"Mindfulness" exercises, which focus on experiencing the present moment, no matter how difficult, can help curb the stress and fatigue associated with painful rheumatoid joint disease. Heidi A Zangi and colleagues from Diakonhjemmet Hospital (Sweden) enrolled 73 men and women, ages 20 to 70 years, all of whom had had painful joint disease, caused by rheumatoid arthritis, ankylosing spondylitis, or psoriatic arthritis for at least a year. Half of them were randomly allocated to scheduled mindfulness exercises – facilitated by health-care professionals and focused on particular topics, such as recognizing individual limitations, and strong emotions, such as anger, joy, and sorrow – which took place in 10 group sessions over a period of 15 weeks, plus a booster session around 6 months after the course had completed. Participants were also given creative exercises, such as guided imagery, music, and drawing, and shared their experiences with other members of the group. The rest of the volunteers randomly allocated to the comparison group were given standard care plus a CD containing similar exercises for use at home, as and when they wanted. Stress levels, coping abilities, and symptom control, including pain and fatigue, were assessed, using validated scores, immediately after all 10 sessions had finished, and again 12 months later. In total, 67 participants completed all the assessments. These showed no differences in pain levels, disease activity, or the ability to talk about feelings. But there were significant differences in levels of stress and fatigue. The number of participants with a high stress score of above 23 in the GHQ-20 questionnaire fell from 13 at the start of the study to 2, just 12 months after the sessions had finished. Comparable figures in the comparison group were 10 and 8, respectively. There was, however, a tangible fall in measured levels of fatigue in the intervention group: no such change was evident in the comparison group. Writing, "The [mindfulness exercise] improved most primary and secondary outcomes," the study authors conclude: "Improvements were maintained at 12 months, suggesting that [mindfulness exercise] is a beneficial complement to existing treatments for patients with inflammatory rheumatic joint diseases."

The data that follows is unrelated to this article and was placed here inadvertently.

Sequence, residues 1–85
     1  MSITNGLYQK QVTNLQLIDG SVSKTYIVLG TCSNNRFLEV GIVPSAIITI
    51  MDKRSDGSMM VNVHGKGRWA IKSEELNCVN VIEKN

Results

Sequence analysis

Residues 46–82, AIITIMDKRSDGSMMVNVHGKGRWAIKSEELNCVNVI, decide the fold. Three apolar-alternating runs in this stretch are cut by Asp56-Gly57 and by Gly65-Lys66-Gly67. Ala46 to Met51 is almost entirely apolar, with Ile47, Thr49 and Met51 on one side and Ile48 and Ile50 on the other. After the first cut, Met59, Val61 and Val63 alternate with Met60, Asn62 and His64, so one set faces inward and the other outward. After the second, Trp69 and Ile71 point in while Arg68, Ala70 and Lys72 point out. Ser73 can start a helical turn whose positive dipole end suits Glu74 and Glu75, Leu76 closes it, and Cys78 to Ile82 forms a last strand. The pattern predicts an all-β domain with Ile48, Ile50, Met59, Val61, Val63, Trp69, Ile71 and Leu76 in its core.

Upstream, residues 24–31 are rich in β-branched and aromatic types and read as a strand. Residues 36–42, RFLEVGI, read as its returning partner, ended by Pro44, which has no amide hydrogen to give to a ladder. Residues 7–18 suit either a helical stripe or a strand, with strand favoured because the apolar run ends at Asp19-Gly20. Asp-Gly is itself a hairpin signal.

Zangi HA, Mowinckel P, Finset A, et al. A mindfulness-based group intervention to reduce psychological distress and fatigue in patients with inflammatory rheumatic joint diseases: a randomised controlled trial. Ann Rheum Dis. 20 December 2011.
Curcumin Relieves Pain with Osteoarthritis
Curcumin, the compound that gives the spice turmeric its bright color, mixed with soy phospholipids, helps to relieve pain and increase mobility in people with osteoarthritis. Gianni Belcaro and colleagues from Chieti-Pescara University (Italy) assessed the effects of a mixture containing 20% natural curcuminoids, 40% soy phosphatidylcholine, and 40% microcrystalline cellulose, against a NSAID. Subjects in the active group received a daily dose of 1000 mg of the curcumin mixture, providing a daily curcumin dose of 200 mg. After 8 months, scores on a standardized osteoarthritis assessment decreased by 9.3 points among those receiving the curcumin mixture, while no change was observed in the control group. Furthermore, scores for stiffness decreased from 7.4 to 3.2 in the curcumin-supplemented group, with again no significant changes in the control group. Writing that the data "Evaluate(s) the clinical efficacy and safety of curcumin as an anti-inflammatory agent," the team concludes: "Significant improvements of both the clinical and biochemical end points were observed … coupled with an excellent tolerability, [this] suggests that [a curcumin-phosphatidylcholine mixture] is worth considering for the long-term complementary management of osteoarthritis."